El Al cost-cutting plan creating tension at the top
Owners want to slash spending to reduce overhead, CEO Haim Romano wants to avoid upheavals
El Al CEO Haim Romano and the company's controlling shareholders, Israel and David Borovich, are at odds over the company's cost-cutting program, TheMarker has learned.
Company sources said that due to El Al's dire financial state at the end of the first half of the year and pessimistic forecasts prompted by the high cost of fuel, the owners demanded a drastic cut in all spending. The CEO, however, prefers not to cause an upheaval in the company and harm the delicate relationship between management and its employees.
As reported in yesterday's TheMarker, El Al is developing a recovery plan aimed at cutting costs in various areas such as rent and overflight fees, and as such, Romano demanded that managers reevaluate their departments' expenses. There is no intention at this time to cut salaries or lay off employees, but unprofitable routes may be canceled or cut back. The economy drive will not affect passenger services, the sources said.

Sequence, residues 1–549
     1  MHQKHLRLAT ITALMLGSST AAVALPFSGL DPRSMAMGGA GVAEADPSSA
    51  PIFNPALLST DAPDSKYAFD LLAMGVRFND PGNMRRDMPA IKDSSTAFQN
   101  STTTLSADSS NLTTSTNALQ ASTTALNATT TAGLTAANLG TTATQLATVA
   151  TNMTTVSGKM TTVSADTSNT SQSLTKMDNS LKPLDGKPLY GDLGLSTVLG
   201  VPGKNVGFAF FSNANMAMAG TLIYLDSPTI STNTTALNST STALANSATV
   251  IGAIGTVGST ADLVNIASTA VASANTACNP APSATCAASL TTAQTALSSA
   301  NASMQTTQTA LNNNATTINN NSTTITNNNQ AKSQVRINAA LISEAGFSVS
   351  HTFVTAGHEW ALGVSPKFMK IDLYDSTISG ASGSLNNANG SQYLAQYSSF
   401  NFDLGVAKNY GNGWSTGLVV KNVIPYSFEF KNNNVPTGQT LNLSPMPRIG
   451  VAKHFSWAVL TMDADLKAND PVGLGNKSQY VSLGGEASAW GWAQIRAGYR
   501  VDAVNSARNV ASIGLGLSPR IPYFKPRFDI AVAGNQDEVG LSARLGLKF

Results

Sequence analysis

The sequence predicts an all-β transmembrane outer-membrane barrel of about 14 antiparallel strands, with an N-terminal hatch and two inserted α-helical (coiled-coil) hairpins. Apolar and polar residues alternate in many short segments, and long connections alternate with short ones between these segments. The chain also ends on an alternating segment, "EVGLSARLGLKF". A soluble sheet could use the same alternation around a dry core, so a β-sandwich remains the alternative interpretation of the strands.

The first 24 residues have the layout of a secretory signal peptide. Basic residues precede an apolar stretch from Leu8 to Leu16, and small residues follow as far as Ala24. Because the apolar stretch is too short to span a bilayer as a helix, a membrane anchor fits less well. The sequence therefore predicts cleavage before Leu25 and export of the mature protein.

"There is no tension," Romano said. "The owners and I see things in the same light. Nobody wants to harm the employees. There are discussions. As far as I understand, a large plane like ours cannot be navigated with very sharp turns. You can't turn every opinion into a conflict."
A senior company source said: "El Al is not working any worse, operationally. There's a rise in passenger traffic, but external factors, such as the price of fuel are deadly. Additionally, the price of the dollar has fallen. We are working to become more efficient. El Al needs to examine its expenditures every day and to be flexible."
El Al lost $12 million in the first quarter of the year, and second-quarter results are expected to be even worse. The rise in the price of fuel added $18 million to its expenses in the first quarter.
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